Scouting the Seattle Mariners



Ready for some hot #VedderCup action? Oh yeah, bring it.

Since I watch a fair number of Mariners games, I thought I’d share some observations with you in advance of tonight’s first pitch. Do with these what you will.


Nelson Cruz. Everything revolves around Cruz. He will swing through a lot of pitches, but he has good plate coverage and can hit the ball a very long way. Cruz is in constant attack mode. He also gets down the line quickly for a guy listed at 6’2”, 230 lbs. Good athlete.

After a miserable start (.149/.197/.194 in 71 PA), Logan Morrison has given the Mariners a second legitimate weapon. He uses all fields and, like Cruz, can hit the ball out of any park.

Seth Smith has been his usual solid but unspectacular self. Seattle uses him near the top of the order, which suits his skills. He also has spent more time at DH this year than in the outfield.

Beyond those guys, nobody has stood out. Robinson Cano could go on a tear at any moment but right now isn’t doing much to justify his contract. Kyle Seager has shown signs of life. Mike Zunino swings at everything and occasionally connects. He’s like a more extreme version of Nick Hundley.

Brad Miller? Eh. Dustin Ackley? He hit three home runs in the season’s first seven games but has just two extra-base hits since then. His offensive game calls to mind that of Tony Gwynn Jr.

This team isn’t built for scoring. Which helps explain why they’re third to last in the American League in runs per game.


Zunino has a strong arm behind the dish and ranks among the elite pitch framers so far this year, as he did last year. Morrison and Miller are competent at their positions, while Cano and Seager can really pick it, assuming that’s a phrase people still use to describe defense nowadays with their newfangled doohickeys and whatnot.

In the outfield, the Padres catch a serious break with Austin Jackson being on the disabled list (ankle). The drop from him in center field to Ackley is like the drop from Mike Cameron to Brian Giles. When Justin Ruggiano tries to man the position, it’s like the drop to Brady Clark. (Sorry ’bout that.)

The Mariners have started five different guys in left field: Ackley, Rickie Weeks, Smith, Ruggiano, and Willie Bloomquist. Yeah, that Willie Bloomquist. So, you know, left field isn’t a strength.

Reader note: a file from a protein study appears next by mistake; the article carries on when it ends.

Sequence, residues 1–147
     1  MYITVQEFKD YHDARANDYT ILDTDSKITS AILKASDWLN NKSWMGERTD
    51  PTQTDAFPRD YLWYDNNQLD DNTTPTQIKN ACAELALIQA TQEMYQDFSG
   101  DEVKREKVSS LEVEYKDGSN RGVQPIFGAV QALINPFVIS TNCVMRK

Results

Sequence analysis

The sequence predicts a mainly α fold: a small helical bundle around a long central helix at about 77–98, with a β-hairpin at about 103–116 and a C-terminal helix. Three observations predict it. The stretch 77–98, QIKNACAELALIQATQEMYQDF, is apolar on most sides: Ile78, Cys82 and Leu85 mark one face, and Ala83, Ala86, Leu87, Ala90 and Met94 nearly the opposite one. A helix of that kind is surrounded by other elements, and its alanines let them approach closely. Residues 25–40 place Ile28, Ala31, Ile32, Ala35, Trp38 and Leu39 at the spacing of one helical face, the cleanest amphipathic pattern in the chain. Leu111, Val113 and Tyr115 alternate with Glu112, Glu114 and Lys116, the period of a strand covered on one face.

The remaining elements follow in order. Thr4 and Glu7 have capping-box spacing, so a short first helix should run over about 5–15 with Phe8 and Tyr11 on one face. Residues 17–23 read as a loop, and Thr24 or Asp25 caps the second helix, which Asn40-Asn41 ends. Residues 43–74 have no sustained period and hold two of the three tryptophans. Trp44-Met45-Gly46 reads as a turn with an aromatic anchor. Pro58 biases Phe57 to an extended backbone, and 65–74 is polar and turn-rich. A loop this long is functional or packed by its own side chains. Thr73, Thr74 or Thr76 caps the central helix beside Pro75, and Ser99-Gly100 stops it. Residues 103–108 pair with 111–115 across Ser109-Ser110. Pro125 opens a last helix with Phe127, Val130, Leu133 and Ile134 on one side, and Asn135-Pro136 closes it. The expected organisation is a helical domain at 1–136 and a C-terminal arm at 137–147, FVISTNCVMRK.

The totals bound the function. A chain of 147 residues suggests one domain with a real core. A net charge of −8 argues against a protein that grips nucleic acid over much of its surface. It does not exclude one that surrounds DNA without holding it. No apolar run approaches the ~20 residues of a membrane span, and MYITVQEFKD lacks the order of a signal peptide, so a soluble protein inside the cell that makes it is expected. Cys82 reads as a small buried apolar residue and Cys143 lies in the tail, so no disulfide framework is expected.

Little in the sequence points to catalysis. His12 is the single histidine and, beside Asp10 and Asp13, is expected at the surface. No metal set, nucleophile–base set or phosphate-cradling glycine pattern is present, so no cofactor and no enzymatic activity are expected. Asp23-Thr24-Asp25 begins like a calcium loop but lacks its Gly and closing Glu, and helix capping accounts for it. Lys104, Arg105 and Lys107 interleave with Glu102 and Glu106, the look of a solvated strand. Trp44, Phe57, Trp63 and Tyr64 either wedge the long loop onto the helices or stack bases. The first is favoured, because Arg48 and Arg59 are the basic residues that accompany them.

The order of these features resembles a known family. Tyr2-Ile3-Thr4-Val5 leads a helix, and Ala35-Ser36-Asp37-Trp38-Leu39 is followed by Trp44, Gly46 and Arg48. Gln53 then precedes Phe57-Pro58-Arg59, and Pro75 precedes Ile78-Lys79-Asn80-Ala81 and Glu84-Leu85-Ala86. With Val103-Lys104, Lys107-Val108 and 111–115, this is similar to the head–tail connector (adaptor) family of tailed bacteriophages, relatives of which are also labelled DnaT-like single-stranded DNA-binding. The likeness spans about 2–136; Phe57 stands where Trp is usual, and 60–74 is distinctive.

Cruz has played a lot of right field and been mostly solid. He will kick the occasional ball, but he has made some nice grabs and owns an absolute cannon of an arm. Don’t run on him.


Anyone not named Felix Hernandez can be beat. Fortunately the Padres won’t face him. Instead, they’ll go up against two lefties, James Paxton and Roenis Elias.

Paxton throws hard but has wavering command. Although he has been efficient and effective in each of his last two starts (at Houston and at Anaheim), he needed 106 pitches in the start before those just to retire 14 batters. Hopefully the Padres see the erratic version and have the patience to wait for him to make quality pitches.

Elias is more of a finesse guy, but is by no means a soft-tosser. He’s a prototypical crafty southpaw with a little extra oomph. Elias is around the plate more than Paxton, so the Padres will want to attack him early in counts. Unless he’s off, which sometimes happens, in which case patience is a virtue as with Paxton. It should be obvious early on which version you’re getting.

Update: Taijuan Walker has been moved up to make the start on Wednesday. He is a young right-hander who throws the ball very hard and all over the place. Wait for him to fall behind in the count and then swing hard at anything that’s a strike.

The bullpen is slightly below MLB average in terms of ERA. Fernando Rodney is unpredictable at the back end, and the guys who bridge the gap between the starters and him are just okay.

Carson Smith has been the best of the lot so far, but don’t lose sight of Danny Farquhar, who closed for the Mariners in 2013. Charlie Furbush is the LOOGY and proud owner of a Grade 80 last name.

Journeyman Mark Lowe is just up from Triple-A. Ditto Joe Beimel, who gives Lloyd McClendon a second lefty. Mark Wilhelmsen, another former closer, spent time on the disabled list (elbow) but is back in the fold now. He has good stuff, but who knows where it’s going.

The bullpen is beatable.


  • Offense – Be careful with Cruz and Morrison, don’t worry about the rest, except maybe Cano and Seager.
  • Defense – Don’t hit the ball to Cano or Seager, aim for center field, don’t run on Cruz.
  • Pitching – Be patient against Paxton, attack Elias (unless he can’t throw strikes, in which case pretend he’s Paxton), get into that bullpen.

Now you know what to watch. Enjoy the games!

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